Yesterday, local pols, the Department of Transportation and David Byrne (!) celebrated an $800,000 grant from J.P. Morgan Chase for Corona Plaza. DNAinfo and Streetsblog attended the event and said the grant will be used to maintain the pedestrian space and its new features for the coming years. Corona Plaza costs around $50,000 to $75,000 every year to maintain. Over the summer, the Department of Transportation started working on making the temporary plaza permanent. The goal is to finish the project, which includes a stage, better lighting, more green space and seating, in 2015.
So what brought the Talking Heads frontman all the way out to Corona Plaza? According to DNAinfo he told the crowd, “I’m not personally involved in this plaza, but I’m a musician and I live and work and am very supportive of these things going up everywhere. I’m just here to be supportive, and hope that this kind of initiative continues in the city.” We’ll take it!
David Byrne in Corona to Celebrate $800K Grant for Pedestrian Plazas [DNAinfo]
Ped Plazas in Low-Income Neighborhoods Get $800,000 Boost From Chase [Streetsblog]
Corona Plaza On Track to Be Upgraded from Temporary to Permanent [Q’Stoner]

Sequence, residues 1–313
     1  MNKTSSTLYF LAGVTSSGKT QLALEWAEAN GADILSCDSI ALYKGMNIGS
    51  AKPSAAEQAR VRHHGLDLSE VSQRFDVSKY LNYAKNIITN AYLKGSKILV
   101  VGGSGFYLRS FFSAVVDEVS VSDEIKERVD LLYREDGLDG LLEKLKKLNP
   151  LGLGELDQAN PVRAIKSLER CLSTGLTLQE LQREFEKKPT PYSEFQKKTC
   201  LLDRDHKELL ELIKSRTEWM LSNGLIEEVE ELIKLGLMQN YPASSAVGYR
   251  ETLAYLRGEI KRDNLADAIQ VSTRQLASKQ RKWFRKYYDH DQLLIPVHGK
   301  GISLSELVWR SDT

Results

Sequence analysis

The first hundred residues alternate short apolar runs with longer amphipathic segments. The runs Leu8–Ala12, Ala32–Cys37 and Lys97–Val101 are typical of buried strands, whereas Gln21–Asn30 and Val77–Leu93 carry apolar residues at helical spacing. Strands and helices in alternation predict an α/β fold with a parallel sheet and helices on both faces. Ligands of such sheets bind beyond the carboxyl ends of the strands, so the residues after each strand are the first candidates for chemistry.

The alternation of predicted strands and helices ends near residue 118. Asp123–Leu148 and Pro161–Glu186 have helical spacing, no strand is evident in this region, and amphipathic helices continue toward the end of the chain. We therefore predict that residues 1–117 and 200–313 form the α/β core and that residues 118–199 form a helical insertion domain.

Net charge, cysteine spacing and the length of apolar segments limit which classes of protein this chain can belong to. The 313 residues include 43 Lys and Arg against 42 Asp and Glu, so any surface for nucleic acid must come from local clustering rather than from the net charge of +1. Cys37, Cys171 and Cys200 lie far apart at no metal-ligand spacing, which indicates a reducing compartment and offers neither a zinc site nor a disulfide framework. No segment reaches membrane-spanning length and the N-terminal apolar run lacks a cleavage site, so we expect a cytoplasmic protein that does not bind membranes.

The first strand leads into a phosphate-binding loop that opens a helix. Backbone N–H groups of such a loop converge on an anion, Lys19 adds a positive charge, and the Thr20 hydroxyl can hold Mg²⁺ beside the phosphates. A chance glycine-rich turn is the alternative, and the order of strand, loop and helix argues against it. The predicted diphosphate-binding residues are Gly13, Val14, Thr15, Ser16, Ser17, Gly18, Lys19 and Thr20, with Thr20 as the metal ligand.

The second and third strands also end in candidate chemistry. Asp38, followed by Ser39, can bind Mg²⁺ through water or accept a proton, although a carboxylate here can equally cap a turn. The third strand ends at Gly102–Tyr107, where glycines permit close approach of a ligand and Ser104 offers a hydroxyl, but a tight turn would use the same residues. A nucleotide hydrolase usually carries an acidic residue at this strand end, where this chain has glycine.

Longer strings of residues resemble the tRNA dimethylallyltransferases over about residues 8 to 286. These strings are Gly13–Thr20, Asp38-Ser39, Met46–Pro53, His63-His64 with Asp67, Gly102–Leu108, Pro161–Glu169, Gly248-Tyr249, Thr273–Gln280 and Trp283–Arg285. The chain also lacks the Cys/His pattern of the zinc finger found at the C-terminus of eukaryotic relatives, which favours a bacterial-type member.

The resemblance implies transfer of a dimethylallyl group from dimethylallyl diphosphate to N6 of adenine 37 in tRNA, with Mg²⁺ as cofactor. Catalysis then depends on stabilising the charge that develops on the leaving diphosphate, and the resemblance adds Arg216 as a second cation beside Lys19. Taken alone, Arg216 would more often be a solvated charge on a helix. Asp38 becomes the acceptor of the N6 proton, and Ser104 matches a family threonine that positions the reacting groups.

Photo via Twitter
Yesterday, Assembly Member Aravella Simotas met with the Department of Transportation and Queens Borough Commissioner Dalila Hall to discuss possible fixes for a dangerous intersection in Astoria. The location in question is at 32nd Street and Astoria Boulevard North, adjacent to the exit ramp of the Grand Central Parkway. The 114th Precinct calls this the most accident-prone intersection in the area — according to a press release, “Currently, drivers exiting the Grand Central Parkway must cross three crowded lanes of traffic, often composed of truck traffic driving west on Astoria Boulevard North, in order to reach local streets. Likewise, trucks exiting the Brooklyn-Queens Expressway following Astoria Boulevard must cross this local traffic to reach the RFK Bridge and points west.” This creates gridlock as well as numerous pedestrian and automobile accidents.